provide the gateways and, ultimately, the venues where the fulfillment of such needs occurs.
At the same time, the synagogue will need
to foster identity and to craft meaning in novel
terms that speak to the present generation. In
his important works, Princeton sociologist
Robert Wuthnow cites the creation of the
highly informal and personalized opportunities for meaning and community that many
Generation X and Y persons seek, and he
points out how important aesthetics and culture are to the building of their community. Reform leadership and laity must incorporate
these developments into their communal planning, as institutions can no longer depend
upon traditional associational and kinship patterns to foster affiliation. Contemporary Jews
move among movements and individual teachers as they engage in their own personal search
for spiritual purpose and community. The Reform movement should embrace this development, and our teachers must have the courage
and conviction to acknowledge that an emphasis upon a “Judaism of meaning,” as opposed to a “Judaism of boundaries and
borders,” is what is needed in our day.
Reform must establish multiple entry
points for all elements of our diverse population in formal and informal settings that are
both within and beyond the walls of the synagogue. These settings must include temples
and camps, offices and schools, restaurants
and shopping centers, the city and the wilderness. Programming should include all types of
study that can transform institutions and forge
meaning for both the individual and the
group, social action programs that contribute
to justice in the world, opportunities for the
creation of community both formal and casual, and worship and lifecycle celebrations
and observances that are evocative and joyous.
Our most creative rabbis and professionals are
providing for these moments of dialogical encounter already; these efforts must be replicated and increased.
People today, no less than in the past, wish
to perceive a sacred vitality at the core of their
lives. Living within a pluralistic framework that
underscores the importance of individual
choice, Jews still can and will seek out Judaism
for the wisdom, identity, and community our
tradition affords if our religion speaks to them
in meaningful cadences. The legacy Isaac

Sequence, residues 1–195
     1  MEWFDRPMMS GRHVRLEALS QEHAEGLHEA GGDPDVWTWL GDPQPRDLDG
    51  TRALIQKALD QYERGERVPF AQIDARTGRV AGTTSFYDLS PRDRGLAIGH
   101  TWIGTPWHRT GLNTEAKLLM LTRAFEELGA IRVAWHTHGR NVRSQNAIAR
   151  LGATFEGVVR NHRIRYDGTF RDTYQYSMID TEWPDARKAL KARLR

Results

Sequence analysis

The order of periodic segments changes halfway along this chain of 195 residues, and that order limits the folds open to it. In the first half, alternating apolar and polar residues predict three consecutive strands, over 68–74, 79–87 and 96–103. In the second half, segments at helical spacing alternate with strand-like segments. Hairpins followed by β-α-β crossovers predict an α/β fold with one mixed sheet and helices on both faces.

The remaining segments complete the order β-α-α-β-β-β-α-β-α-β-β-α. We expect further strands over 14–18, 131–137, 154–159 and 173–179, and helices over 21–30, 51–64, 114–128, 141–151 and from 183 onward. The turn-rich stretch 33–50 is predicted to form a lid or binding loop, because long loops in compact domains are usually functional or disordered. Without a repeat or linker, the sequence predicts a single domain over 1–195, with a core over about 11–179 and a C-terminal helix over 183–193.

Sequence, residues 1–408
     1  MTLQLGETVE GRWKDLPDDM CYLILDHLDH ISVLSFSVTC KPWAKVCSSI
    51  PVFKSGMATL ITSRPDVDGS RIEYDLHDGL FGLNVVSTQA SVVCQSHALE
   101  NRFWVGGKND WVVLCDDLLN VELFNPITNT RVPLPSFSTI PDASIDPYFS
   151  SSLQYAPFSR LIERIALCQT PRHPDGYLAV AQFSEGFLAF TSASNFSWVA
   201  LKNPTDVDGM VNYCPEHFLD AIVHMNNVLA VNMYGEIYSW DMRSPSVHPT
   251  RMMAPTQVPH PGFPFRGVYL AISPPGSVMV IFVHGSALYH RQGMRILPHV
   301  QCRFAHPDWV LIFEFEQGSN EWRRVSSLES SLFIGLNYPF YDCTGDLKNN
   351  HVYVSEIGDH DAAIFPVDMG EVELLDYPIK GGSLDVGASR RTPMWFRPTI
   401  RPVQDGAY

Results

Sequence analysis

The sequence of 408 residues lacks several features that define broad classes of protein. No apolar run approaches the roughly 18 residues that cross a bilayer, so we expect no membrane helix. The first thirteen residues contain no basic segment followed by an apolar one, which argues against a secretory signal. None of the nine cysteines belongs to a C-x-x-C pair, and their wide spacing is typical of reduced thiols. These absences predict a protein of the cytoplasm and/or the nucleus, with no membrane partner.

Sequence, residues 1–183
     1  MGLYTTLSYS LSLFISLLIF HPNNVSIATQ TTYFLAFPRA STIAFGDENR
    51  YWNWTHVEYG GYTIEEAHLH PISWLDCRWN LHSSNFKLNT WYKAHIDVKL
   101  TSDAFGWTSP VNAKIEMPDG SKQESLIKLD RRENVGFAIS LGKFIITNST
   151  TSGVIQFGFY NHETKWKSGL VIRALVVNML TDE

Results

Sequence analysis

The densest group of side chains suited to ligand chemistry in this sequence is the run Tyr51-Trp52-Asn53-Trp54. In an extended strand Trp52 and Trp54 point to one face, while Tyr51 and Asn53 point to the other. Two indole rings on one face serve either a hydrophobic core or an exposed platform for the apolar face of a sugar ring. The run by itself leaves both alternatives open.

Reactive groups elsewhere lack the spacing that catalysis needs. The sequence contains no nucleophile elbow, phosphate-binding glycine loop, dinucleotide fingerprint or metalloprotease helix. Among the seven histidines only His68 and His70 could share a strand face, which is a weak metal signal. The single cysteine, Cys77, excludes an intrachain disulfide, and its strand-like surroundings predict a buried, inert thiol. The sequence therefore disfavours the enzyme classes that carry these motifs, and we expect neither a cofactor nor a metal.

Mayer Wise bestowed upon Reform to address
broad sectors of the community remains enduring, and the future of Judaism in the U.S.
depends, to a large degree, upon the ability of
the movement and HUC-JIR to provide leadership that will maintain and revitalize Jewish
community, worship, study, association, and
action in light of the conditions and values
that shape our people today.
Sharing Leadership:
A Work in Process and Progress
Jan Katzew
Rabbi Jan Katzew, PhD,
is Director of Lifelong
Jewish Learning at the
Union for Reform
Judaism (URJ). He coauthored this essay with
Robert Heller, Esq.,
Chairman of the Board
of the Union for Reform
Judaism and Marilynn
Yentis, Chair of the
Reform Commission
on Lifelong Jewish
November 2007
Kislev 5768
To subscribe: 877-568-SHMA
“Virtually everything I have done as a volunteer leader in the Reform movement from the congregation through my current position has been done
in partnership with our professionals.”
—Robert Heller
“In any successful volunteer–professional partnership in the Reform movement, the participants
must believe that the decision-making is a joint
process. This requires a great deal of trust, respect,
and faith in the partners who are working together.”
—Marilynn Yentis
hese two statements by volunteer leaders
in the Reform movement testify to a distinctive, if not defining, aspect of Reform Judaism. With the contraction of halakhic
authority and the growth of congregational
autonomy, decisions of religious policy and
even practice are the shared province of pro-
fessionals and volunteers. To be sure, the
balance between authority and autonomy is
elusive and the partnership between professionals and volunteers is dynamic. In today’s
era of professionalization, partnership often
means that volunteers are directors that issue
directives; they must assert lay ownership and
share responsibility. Acknowledging imperfection and asymmetry in the partnership —
at times the same vagaries as in any human relationship — is critical to the success of shared
leadership. The partnership works more often
in theory than in practice — sometimes ending in “divorce” or détente, but other times
leading to synergy and symbiosis.
Rather than relying on poskim as arbiters of
Jewish law (Orthodox) or members of a law
committee (Conservative) to determine norms
of Jewish practice, Reform Jewish thought and